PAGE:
- Today's #RandomVandA is from the maker collective PostlerFerguson, a product & digital design practice -… https://t.co/DxLcBFvNze - 3 March 2017 - 10:03am
- Try Foods on Packaging of the World - Creative Package Design Gallery https://t.co/zHTm1SM2eq - 31 January 2017 - 10:05am
- Check out our latest work with Try Foods Berlin https://t.co/GoOSZqdPMA - 12 January 2017 - 12:30pm
- acoustic-research-x-postlerferguson-london https://t.co/8JbtAqjcmA - 6 January 2017 - 7:58am
- Who wants me? #porn #adultporn #tinder #boobs. Go, don't be so shy Find a link on my page :* https://t.co/ChCIHhnKwd - 31 August 2016 - 2:49pm
- Quick catch up with @postlerferguson -great to see you Ian #FlyingVisit - 11 July 2016 - 2:34pm
Text for Insight & Education
Our work takes us to interesting places, and we meet remarkable people. Here are a few insights.
Why aren't we all driving electric cars in 2010? What happened to the future? We all know by now that they will help us save the planet, stabilize global conflicts and provide convenient transport to all, right?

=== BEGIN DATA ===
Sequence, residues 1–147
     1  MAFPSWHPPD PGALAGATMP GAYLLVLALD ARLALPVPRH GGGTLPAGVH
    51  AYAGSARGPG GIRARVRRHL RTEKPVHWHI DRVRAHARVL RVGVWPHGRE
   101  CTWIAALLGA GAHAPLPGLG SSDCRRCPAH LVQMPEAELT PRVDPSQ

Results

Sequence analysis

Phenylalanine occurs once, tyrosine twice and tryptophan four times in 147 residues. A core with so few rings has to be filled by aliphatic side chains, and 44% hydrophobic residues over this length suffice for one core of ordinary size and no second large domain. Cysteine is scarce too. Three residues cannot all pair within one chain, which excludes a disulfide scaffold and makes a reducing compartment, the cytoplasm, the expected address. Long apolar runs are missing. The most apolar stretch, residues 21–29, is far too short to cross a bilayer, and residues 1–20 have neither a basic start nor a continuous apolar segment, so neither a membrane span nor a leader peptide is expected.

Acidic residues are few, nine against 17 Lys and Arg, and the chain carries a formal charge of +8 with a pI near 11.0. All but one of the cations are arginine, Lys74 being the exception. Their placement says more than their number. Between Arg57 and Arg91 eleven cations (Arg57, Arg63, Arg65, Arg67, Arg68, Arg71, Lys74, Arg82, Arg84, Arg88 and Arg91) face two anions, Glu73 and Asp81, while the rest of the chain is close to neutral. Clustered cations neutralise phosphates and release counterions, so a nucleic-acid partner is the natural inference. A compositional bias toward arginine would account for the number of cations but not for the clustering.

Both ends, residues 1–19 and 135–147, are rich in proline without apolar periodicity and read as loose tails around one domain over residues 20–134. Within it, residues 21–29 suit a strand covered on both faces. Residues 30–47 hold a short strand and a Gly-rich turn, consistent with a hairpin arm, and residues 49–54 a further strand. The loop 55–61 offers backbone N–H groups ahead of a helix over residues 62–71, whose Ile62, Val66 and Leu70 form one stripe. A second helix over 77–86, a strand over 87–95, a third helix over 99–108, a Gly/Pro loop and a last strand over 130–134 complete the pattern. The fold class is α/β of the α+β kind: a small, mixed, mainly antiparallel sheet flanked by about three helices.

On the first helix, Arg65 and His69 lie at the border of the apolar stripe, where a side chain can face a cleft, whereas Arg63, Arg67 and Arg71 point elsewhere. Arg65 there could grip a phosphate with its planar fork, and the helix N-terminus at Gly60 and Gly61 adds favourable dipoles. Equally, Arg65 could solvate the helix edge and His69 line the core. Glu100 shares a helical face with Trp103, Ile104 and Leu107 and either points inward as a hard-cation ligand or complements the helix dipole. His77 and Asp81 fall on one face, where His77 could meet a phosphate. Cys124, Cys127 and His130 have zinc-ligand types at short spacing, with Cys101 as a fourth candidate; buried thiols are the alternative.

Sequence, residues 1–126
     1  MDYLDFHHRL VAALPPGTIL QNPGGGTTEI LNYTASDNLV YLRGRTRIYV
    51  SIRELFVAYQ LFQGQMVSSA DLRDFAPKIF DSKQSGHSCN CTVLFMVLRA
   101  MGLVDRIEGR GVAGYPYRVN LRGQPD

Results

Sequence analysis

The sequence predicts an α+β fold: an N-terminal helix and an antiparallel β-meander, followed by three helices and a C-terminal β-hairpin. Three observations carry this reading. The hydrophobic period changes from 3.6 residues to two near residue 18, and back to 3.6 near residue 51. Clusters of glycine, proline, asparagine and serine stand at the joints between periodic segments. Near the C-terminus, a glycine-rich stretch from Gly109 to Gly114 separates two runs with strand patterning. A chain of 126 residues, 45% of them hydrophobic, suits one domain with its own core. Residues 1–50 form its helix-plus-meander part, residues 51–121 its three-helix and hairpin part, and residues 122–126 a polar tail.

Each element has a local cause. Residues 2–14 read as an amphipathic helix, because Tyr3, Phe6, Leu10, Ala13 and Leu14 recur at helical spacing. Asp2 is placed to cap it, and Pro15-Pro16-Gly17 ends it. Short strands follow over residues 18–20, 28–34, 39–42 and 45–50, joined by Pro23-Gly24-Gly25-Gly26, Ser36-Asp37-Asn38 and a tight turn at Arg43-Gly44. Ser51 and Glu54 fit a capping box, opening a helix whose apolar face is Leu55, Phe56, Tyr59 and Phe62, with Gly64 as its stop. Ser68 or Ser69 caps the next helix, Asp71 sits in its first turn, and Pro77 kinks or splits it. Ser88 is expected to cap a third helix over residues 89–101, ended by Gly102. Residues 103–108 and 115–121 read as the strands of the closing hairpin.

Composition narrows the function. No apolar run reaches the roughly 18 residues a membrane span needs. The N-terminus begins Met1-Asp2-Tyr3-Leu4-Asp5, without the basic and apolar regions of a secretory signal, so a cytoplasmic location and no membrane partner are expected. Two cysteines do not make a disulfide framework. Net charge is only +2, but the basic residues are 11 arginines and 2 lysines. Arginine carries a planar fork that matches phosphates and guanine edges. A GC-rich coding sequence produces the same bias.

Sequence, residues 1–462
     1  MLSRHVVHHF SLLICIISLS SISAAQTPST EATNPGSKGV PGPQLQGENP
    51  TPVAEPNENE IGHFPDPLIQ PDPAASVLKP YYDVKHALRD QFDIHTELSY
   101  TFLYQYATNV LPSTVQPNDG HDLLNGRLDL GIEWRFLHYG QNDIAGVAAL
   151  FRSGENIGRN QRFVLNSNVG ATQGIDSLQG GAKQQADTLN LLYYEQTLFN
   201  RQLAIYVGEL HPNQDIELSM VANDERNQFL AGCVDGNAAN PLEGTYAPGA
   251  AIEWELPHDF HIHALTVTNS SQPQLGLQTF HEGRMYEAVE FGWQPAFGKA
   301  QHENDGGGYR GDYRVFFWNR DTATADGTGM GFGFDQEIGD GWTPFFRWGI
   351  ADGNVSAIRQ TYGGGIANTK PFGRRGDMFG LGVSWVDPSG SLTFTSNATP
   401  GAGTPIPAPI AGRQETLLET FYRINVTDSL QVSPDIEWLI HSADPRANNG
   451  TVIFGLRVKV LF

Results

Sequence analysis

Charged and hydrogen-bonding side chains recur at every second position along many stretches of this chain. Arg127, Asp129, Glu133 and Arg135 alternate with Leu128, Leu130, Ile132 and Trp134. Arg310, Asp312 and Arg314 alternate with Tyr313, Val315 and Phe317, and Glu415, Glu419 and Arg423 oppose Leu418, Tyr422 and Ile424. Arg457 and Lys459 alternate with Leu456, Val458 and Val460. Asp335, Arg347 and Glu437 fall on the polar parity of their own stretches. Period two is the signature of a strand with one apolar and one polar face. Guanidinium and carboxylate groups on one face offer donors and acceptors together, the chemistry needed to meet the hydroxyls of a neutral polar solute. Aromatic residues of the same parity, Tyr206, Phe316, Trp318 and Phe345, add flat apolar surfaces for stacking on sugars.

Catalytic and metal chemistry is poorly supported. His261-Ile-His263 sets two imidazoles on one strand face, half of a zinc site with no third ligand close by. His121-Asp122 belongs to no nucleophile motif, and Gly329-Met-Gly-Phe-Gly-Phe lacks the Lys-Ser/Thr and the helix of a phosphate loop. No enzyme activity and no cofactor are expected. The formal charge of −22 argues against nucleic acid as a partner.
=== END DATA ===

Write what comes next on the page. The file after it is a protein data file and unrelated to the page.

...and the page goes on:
Perhaps those reasons aren't enough; London Electric is a proposal for a municipal transport network of electric cars that addresses a broader range of issues than the familiar green arguments. Based on the idea that every design decision can address a multitude of needs, London Electric addresses issues ranging from how to re-use abandoned car factories to how to make our cities quieter and more pleasant environments.
Each London Electric car is based on a simple, robust plaform combining small, sophisticated components imported from abroad mounted into a sturdy, straightforward body that can be produced within the London metropolitan area by existing industries. London Electric vehicles can be privately owned, used as part of a public transport scheme, or provided by large businesses with governmental partnership. Because they are small, light and quiet, vast amounts of real estate within the city that is currently occupied by roads can be reclaimed for other uses.
Design solutions don't have to begin and end with the consumers; inherent in every manufactured item is a vast network of jobs, economies and material resources. Embracing this messy, far-flung complexity moves design out of the simplistic realm of chasing desirability and turns it into a useful tool for finding novel solutions to questions of policy, economics, social welfare and technology.